• Dripping urine
  • Blood in urine

The biggest telltale sign that made me realize that my dog had UTI was the frequent need to urinate.

She will be whining to go out to pee even after we just went half an hour ago but there wasn’t much urine.

She also looked like she was in visible discomfort while straining to urinate.

Treatment For UTI

The vet will diagnose the root cause by doing a urinalysis or urine culture.

In more serious cases, an imaging test such as X-rays or ultrasound are required.

Urinary tract infections are usually treated with antibiotics and pain meds.

Giving your dog a healthy diet and making sure it drinks plenty of water can help prevent urinary tract infections.

If your dog is on dry food, try soaking its kibbles in chicken broth to encourage more fluid intake.

5. Urinary Incontinence

dog pee on carpet

Urinary incontinence refers to your dog’s inability to control its urination due to a weakened bladder.

It is caused by a weak urethral sphincter, a muscle that acts like a valve and regulates the flow of urine.

This condition is often seen in older dogs and female dogs that have been spayed, also known as spay incontinence.

Other causes of urinary incontinence are:

  • UTI
  • Birth defects
  • Spinal cord injury
  • Hormonal imbalance
  • Urinary stones

If your dog leaks urine onto itself, skin infections or irritation may occur due to urine’s caustic nature.

The leaking of urine might not be in large amounts.

It could be just a small patch of clear odorless fluid on the floor or bed.

Many dogs are unaware that they are ‘leaking’ and they dribble small amounts when asleep.

Treatment Of Urinary Incontinence

Treating urinary incontinence in dogs requires both medical treatments and changes in lifestyle.

The vet needs to identify the root cause to resolve this issue.

Medication such as Proin or hormonal replacements are commonly used to treat this condition in dogs.

However, urinary incontinence can start to reoccur once the dog is weaned off Proin.

When in doubt, it is best to discuss with your vet before proceeding.

Using adult diapers for your dog or taking it out for more frequent bathroom breaks can help prevent urine leakage at home.

6. Your Dog Is About To Give Birth

dog nursing her pups

As a pregnant dog nears her due date, it’s common to observe a clear, odorless discharge.

This is often a sign that the body is preparing for labor.

A pregnant dog will form a collection of mucus in the early stages of its pregnancy. This is called a mucus plug.

The role of the mucus plug is to safeguard the unborn puppies by blocking the entry of bacteria into the uterus.

The mucus plug looks similar to egg whites and is typically odorless.

When your dog loses its mucus plug, it means that the cervix has started to dilate and labor is around the corner.

An increase in vaginal discharge is normal when your dog is pregnant due to hormonal changes.

Vaginal discharge is usually thin and colorless in nature.

Should You Be Concerned?

Green, brown or a bloody discharge is alarming. It could signal a complication in the pregnancy.

This discharge from a dog are normal occurrence during the gestation period.

But it is worrying when a pregnant dog’s vaginal discharges occur significantly before the expected delivery date

If the discharge is accompanied by symptoms like lethargy, fever or behavioral changes, it may suggest an infection.

Green, brown or a bloody discharge is alarming. A purulent discharge could signal a complication in the pregnancy.

Please consult the vet immediately when you start to notice the above symptoms.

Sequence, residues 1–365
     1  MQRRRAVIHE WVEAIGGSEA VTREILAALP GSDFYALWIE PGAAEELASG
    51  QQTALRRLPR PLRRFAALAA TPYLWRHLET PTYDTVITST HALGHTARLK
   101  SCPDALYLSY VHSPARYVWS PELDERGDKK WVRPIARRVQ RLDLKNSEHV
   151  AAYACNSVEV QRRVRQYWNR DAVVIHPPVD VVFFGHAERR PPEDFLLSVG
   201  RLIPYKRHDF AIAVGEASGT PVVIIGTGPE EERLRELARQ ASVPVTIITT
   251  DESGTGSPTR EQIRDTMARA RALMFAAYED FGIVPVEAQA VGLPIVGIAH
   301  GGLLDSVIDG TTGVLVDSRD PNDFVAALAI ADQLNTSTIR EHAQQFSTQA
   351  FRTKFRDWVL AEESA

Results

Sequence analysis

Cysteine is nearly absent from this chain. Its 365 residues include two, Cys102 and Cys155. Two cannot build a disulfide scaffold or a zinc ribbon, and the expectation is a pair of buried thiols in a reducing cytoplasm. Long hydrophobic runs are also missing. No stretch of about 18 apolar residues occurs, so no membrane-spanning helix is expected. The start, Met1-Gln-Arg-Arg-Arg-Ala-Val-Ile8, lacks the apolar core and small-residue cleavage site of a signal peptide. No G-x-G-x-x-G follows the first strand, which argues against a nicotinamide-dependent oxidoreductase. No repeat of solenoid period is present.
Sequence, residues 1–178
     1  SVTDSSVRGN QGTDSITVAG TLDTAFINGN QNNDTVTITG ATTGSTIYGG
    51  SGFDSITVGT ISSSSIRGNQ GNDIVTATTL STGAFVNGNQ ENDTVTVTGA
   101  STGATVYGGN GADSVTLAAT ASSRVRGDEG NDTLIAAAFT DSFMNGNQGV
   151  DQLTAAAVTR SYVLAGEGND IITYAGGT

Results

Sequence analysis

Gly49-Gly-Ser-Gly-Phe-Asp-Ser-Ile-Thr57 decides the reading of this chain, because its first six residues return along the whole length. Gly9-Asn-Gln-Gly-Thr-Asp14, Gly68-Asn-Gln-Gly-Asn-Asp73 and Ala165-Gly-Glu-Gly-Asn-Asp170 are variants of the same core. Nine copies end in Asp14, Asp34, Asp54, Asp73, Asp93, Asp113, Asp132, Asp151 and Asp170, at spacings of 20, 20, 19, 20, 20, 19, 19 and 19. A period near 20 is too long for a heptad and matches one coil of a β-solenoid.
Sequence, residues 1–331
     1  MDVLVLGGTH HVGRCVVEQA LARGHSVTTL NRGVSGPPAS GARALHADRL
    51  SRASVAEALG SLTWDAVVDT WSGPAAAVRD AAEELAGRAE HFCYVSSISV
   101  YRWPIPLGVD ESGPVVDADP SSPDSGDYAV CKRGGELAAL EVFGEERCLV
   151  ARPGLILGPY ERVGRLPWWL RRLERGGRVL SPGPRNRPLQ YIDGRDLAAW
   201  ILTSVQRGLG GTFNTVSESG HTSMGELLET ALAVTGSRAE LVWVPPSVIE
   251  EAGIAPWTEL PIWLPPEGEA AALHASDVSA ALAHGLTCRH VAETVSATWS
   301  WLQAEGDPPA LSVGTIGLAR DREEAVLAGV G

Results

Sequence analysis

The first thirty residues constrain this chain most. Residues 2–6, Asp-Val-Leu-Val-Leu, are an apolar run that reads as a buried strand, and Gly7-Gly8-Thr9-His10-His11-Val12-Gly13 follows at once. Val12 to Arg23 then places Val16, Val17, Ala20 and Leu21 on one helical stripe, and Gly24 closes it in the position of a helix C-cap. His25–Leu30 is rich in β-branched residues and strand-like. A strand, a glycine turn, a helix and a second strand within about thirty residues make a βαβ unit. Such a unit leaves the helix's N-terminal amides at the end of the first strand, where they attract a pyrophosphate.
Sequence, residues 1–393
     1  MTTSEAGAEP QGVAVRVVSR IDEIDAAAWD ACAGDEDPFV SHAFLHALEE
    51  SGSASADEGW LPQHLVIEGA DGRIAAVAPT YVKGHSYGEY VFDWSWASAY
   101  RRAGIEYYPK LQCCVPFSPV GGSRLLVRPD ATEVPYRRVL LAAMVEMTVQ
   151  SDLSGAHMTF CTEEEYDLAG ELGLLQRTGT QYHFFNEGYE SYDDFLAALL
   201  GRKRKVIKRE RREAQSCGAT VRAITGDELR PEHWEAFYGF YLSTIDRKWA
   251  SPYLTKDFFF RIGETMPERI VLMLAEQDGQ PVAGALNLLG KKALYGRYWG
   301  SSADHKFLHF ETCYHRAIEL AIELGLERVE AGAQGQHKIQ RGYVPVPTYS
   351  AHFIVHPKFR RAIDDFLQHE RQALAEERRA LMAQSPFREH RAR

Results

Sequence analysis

Why Is My Female Dog Leaking Clear Fluid From Its Anus?

Two common conditions that can cause your dog to leak fluids from its anus.

Anal Glands Issues

Dogs have two anal glands, located on either side of their anus. These glands play a crucial role in their communication and territorial behavior.

The glands secrete a fluid used for marking territory and conveying information to other dogs.

This explains why dogs always try to sniff each other’s rear end.

Anal glands empty naturally when the dog takes a poop.

Problems arise when these glands become impacted or infected. This causes a build-up of fluid in the glands as they can’t be emptied naturally.

You might notice some clear discharge. But it’s typically characterized by a foul smell and a brownish color.

Anal gland issues are painful and must be treated by the vet as soon as possible.

Gastrointestinal Issues

A clear discharge from the anus is more likely a sign of irritation or inflammation within the intestines.

This symptom can be caused by:

  • Colitis
  • Inflammatory bowel disease
  • Intestinal parasites
  • Food allergies

The clear fluid from your dog’s anus could be a mucoid discharge that is produced in the dog’s colon.

You might also notice that your dog is passing out a clear liquid with this condition.

If your dog shows symptoms like clear mucus discharge, diarrhea, or blood in the stool, these are concerning signs.

A trip to the vet is needed for an accurate diagnosis.

The vet will perform fecal examinations, blood tests or x-rays to identify the root cause of the issue.

Vets may prescribe medications such as anti-inflammatory drugs, antibiotics or probiotics.

Why Is My Female Dog Leaking Smelly Fluid?

A smelly discharge is usually a strong indication of an infection in your dog’s body.

Infections can occur when bacteria or other pathogens enter the dog’s body and begin to multiply.

When this happens, the infection can produce unpleasant odors and cause inflammation and discomfort for the dog.

For example, an inverted nipple in dogs is usually caused by an infection, common in female and pregnant dogs.

Allowing such infections to go untreated can lead to more serious health problems for your dog.

It is important to seek veterinary care as soon as possible.


Remember, early detection and treatment are key to managing these conditions.

It’s always better to seek veterinary care early when you notice unusual symptoms.